Woodside backs concept for banning plastic bags in San Mateo County | March 7, 2012 | Almanac | Almanac Online |


News - March 7, 2012

Woodside backs concept for banning plastic bags in San Mateo County

by Dave Boyce

The Town Council in Woodside has agreed in principle to join a countywide initiative now in the works that would ban the flimsy "single-use" plastic bags at retail check-out counters.

The council's 5-2 vote on Feb. 27, with councilmen Dave Burow and Tom Shanahan dissenting, adds support to the San Mateo County Board of Supervisors' plans to craft an ordinance that, in addition to banning the bags, would require merchants to charge customers a small fee for a paper or durable reusable bag if they need one and haven't brought one of their own.

A county ordinance may be on the books by January 2013, according to a Woodside staff report. The supervisors would ask the cities and towns to "by reference" adopt the same ordinance.

A group effort matters because ordinances in individual communities have been vulnerable to court challenges by deep-pocketed bag manufacturers. This ordinance would be based on a county-funded environmental impact report, Dean Peterson, the director of the county's Department of Environmental Health, told the council.

"So far, no one has sued (over an ordinance) with an EIR attached," he said.

In 2010, the state Legislature considered a similar regulation that the Assembly passed but the Senate rejected on a vote of 21-14. Eight Democrats voted against it and no Republicans voted for it.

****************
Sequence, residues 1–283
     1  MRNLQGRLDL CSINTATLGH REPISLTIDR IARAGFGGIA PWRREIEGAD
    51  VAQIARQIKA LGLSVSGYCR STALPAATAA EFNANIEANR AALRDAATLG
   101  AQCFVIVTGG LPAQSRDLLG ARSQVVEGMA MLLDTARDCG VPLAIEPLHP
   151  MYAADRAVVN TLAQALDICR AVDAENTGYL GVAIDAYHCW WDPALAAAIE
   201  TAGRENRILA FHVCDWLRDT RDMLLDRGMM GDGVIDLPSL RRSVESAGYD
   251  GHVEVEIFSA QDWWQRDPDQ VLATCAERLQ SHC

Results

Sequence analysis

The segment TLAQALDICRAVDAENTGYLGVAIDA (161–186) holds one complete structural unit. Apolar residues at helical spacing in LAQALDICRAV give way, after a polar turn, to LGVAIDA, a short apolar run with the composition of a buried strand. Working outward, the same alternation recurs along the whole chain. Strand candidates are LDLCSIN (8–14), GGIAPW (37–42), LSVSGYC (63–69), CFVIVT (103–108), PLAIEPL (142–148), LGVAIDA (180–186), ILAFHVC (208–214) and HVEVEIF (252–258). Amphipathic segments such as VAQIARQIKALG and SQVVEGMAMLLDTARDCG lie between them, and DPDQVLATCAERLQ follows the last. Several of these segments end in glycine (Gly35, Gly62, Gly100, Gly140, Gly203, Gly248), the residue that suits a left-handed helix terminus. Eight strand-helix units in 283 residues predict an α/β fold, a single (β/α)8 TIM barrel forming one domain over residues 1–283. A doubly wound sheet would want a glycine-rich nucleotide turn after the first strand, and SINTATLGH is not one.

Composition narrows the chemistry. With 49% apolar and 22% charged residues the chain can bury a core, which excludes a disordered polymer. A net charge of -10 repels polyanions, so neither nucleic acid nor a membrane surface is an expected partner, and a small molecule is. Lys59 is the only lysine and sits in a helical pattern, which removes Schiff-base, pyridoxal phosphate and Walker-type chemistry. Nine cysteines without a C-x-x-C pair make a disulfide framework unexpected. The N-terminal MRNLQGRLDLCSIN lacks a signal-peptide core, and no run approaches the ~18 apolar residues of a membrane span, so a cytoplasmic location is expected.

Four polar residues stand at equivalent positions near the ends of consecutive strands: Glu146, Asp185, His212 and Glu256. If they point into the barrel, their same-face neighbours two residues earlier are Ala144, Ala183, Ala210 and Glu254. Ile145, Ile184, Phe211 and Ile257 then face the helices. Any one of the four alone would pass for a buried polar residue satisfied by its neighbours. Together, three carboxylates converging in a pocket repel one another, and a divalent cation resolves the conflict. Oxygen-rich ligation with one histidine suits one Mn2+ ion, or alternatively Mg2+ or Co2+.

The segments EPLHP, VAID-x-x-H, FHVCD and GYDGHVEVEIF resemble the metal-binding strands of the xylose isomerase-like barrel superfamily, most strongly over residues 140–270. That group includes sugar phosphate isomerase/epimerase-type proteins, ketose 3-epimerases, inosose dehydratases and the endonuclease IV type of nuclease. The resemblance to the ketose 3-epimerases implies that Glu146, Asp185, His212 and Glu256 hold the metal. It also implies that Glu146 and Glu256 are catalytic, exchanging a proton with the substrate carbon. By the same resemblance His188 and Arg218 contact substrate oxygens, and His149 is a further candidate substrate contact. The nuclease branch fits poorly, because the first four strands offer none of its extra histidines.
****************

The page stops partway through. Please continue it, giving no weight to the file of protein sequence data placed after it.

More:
Locally, Mr. Peterson is set to speak to the Menlo Park City Council on March 13, county spokesperson Robyn Thaw said. There are no plans to contact Atherton as it has no retail, Ms. Thaw said.

The Portola Valley council will be inviting Mr. Peterson to a March or April meeting, Brandi de Garmeaux, the town's environmental programs coordinator, said in an email.

The ban would not affect the more durable clear plastic bags available for fresh produce. Customers would have to pay 10 cents for a paper or reusable bag at the checkout counter until Jan. 1, 2014, when it would rise to 25 cents.

In an email explaining his dissent, Mr. Burow, the Woodside councilman, noted that Roberts Market already credits customers 10 cents for their own bags, and that "most people" he knows bring their own bags. Incentives, not penalties, are the way to go, he said.

Woodside town staff, after visiting Roberts, Buck's of Woodside restaurant, The Village Pub and other retailers, came away with the sense that a ban would not be a surprise, Town Manager Kevin Bryant said.

Deputy Town Engineer Eunejune "EJ" Kim added: "They seemed to be pretty good with it, that it was a good thing."

The California Grocers Association approves of the concept, Mr. Peterson said.


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